Formally launched on Crowd Supply a little over a year ago, Microchip PolarFire SoC FPGA Icicle (codenamed MPFS-ICICLE-KIT-ES) was one of the first Linux & FreeBSD capable RISC-V development boards. The system is equipped with PolarFire SoC FPGA comprised a RISC-V CPU subsystem with four 64-bit RISC-V (RV64GC) application cores, one 64-bit RISC-V real-time core (RV64IMAC), as well as FPGA fabric. Backers of the board have been able to play with it for several months ago, but Microchip is now sending the board to more people for evaluation/review, and I got one of my own to experiment with. That’s good to have a higher-end development board instead of the usual hobbyist-grade board. Today, I’ll just have a look at the kit content and main components on the board before playing with Linux and FPGA development tools in an upcoming or two posts.

  • What is IoT device management?

    Smart devices are everywhere around us. We carry one in our pocket, watch movies on another while a third cooks us dinner. Every day there are thousands of new devices connecting to the Internet. Research shows that by 2025, more than 150,000 IoT devices will come online every minute. With such vast numbers it is impossible to keep everything in working order just on your own. This brings the need for IoT device management. But what is IoT device management? To answer this question we first need to understand what the Internet of Things (IoT) is.

  • Beelink U59 mini PC with Intel Celeron N5095 Jasper Lake coming soon - Liliputing

    Beelink says the system ships with Windows 10, but it should also supports Linux.

  • Beelink U59 Celeron N5095 Jasper Lake mini PC to ship with 16GB RAM, 512GB SSD - CNX Software

    Beelink U59 is an upcoming Jasper Lake mini PC based on the Intel Celeron N5095 15W quad-core processor that will ship with up to 16GB RAM, and 512 GB M.2 SSD storage. The mini PC will also offer two 4K HDMI 2.0 ports, a Gigabit Ethernet port, WiFi 5, as well as four USB 3.0 ports, and support for 2.5-inch SATA drives up to 7mm thick.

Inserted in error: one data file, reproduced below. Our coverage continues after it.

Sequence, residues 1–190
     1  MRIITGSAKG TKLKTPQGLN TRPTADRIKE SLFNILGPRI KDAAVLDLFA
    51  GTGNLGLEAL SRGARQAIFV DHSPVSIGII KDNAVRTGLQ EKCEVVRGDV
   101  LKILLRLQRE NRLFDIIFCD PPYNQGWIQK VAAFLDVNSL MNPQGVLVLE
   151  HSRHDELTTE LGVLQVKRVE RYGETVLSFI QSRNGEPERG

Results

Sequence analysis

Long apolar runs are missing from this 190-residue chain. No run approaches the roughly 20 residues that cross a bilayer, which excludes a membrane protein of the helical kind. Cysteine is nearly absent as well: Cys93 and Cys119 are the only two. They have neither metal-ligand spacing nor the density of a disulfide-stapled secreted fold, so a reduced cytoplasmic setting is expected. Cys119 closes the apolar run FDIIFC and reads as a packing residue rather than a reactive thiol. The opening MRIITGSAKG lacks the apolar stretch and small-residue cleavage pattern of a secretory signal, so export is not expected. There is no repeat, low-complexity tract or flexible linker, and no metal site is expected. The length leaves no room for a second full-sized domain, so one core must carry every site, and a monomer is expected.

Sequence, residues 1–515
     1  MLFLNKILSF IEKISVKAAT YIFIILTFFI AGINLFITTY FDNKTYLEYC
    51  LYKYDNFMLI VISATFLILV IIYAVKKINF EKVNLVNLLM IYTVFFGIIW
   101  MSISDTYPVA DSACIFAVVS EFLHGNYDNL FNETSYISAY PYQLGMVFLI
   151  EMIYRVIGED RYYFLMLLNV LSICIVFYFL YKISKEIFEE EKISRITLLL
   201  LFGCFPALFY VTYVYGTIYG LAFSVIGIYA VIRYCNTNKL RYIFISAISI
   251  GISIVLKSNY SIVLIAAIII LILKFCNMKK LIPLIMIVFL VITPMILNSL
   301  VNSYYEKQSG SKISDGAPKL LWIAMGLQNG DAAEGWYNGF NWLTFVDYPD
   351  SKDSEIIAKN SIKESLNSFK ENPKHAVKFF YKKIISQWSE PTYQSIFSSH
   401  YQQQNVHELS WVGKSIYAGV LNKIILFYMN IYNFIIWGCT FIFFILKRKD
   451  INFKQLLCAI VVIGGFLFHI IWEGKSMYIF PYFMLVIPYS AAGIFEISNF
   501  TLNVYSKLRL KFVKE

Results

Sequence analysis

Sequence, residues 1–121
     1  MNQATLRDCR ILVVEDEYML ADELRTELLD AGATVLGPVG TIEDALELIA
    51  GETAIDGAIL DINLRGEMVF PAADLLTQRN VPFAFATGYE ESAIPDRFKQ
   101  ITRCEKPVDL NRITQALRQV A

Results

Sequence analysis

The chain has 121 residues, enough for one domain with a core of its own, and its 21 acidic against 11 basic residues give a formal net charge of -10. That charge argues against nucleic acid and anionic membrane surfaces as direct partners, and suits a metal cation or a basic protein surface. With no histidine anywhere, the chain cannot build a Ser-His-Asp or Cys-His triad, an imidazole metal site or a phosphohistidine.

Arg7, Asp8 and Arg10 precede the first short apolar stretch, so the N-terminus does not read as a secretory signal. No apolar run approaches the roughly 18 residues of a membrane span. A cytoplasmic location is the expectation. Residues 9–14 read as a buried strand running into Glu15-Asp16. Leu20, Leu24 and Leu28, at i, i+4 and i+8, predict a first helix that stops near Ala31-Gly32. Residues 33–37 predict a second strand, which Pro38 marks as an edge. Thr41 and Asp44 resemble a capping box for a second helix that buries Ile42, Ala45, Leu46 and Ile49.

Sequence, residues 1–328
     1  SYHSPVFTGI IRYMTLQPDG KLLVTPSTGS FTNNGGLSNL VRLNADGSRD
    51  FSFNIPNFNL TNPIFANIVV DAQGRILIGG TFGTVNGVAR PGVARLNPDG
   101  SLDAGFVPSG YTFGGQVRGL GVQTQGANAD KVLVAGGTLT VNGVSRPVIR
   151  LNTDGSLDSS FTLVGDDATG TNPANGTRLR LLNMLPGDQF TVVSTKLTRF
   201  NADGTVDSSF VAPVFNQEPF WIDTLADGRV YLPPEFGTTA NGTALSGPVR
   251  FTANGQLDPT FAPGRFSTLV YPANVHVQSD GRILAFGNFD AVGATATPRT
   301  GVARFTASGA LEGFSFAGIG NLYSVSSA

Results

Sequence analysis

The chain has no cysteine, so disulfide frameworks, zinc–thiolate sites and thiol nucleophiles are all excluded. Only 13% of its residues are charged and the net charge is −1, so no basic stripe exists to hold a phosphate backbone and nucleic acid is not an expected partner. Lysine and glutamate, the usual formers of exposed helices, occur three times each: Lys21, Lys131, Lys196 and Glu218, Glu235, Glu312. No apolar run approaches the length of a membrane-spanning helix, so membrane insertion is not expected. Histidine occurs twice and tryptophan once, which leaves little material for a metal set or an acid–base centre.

Graphics: Mesa, KWinFT, and RADV

  • Experimenting Is Underway For Rust Code Within Mesa - Phoronix

    Longtime Mesa developer Karol Herbst who has worked extensively on the open-source NVIDIA "Nouveau" driver as well as the OpenCL/compute stack while being employed by Red Hat is now toying with the idea of Rust code inside Mesa.  Karol Herbst has begun investigating how Rust code, which is known for its memory safety and concurrency benefits, could be used within Mesa. Ultimately he's evaluating how Rust could be used inside Mesa as an API implementation as well as for leveraging existing Mesa code by Rust. 

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  • KWinFT Continues Working On WLROOTS Render, Library Split

    KWinFT as a fork of KDE's KWin X11/Wayland compositor code continues making progress on driving fundamental display improvements and ironing out the Wayland support.  KWinFT has been transitioning to use WLROOTS for its Wayland heavy-lifting and that process remains ongoing. KWinFT has also been working on splitting up its library code to make it more manageable and robust.  Among the features still desired by KWinFT and to be worked on include input methods, graphical tablet support, and PipeWire video stream integration. Currently there are two full-time developers working on the project but they hope to scale up to four to five full-time developers. 

  • Raytracing Starting to Come Together – Bas Nieuwenhuizen – Open Source GPU Drivers

    I am back with another status update on raytracing in RADV. And the good news is that things are finally starting to come together. After ~9 months of on and off work we’re now having games working with raytracing.

  • Multiple Games Are Now Working With RADV's Ray-Tracing Code - Phoronix

    Not only is Intel progressing with its open-source ray-tracing driver support but the Mesa Radeon Vulkan driver "RADV" has been rounding out its RT code too and now has multiple games correctly rendering. Bas Nieuwenhuizen has been spearheading the RADV work on Vulkan ray-tracing support and after more than a half-year tackling it things are starting to fall into place nicely.Games such as Quake II RTX with native Vulkan ray-tracing are working along with the game control via VKD3D-Proton for going from Direct3D 12 DXR to Vulkan RT. Metro Exodus is also working while Ghostrunner and Doom Eternal are two games tested that are not yet working.

Audiocasts/Shows: Full Circle Weekly News, Juno Computers, Kali Linux 2021.3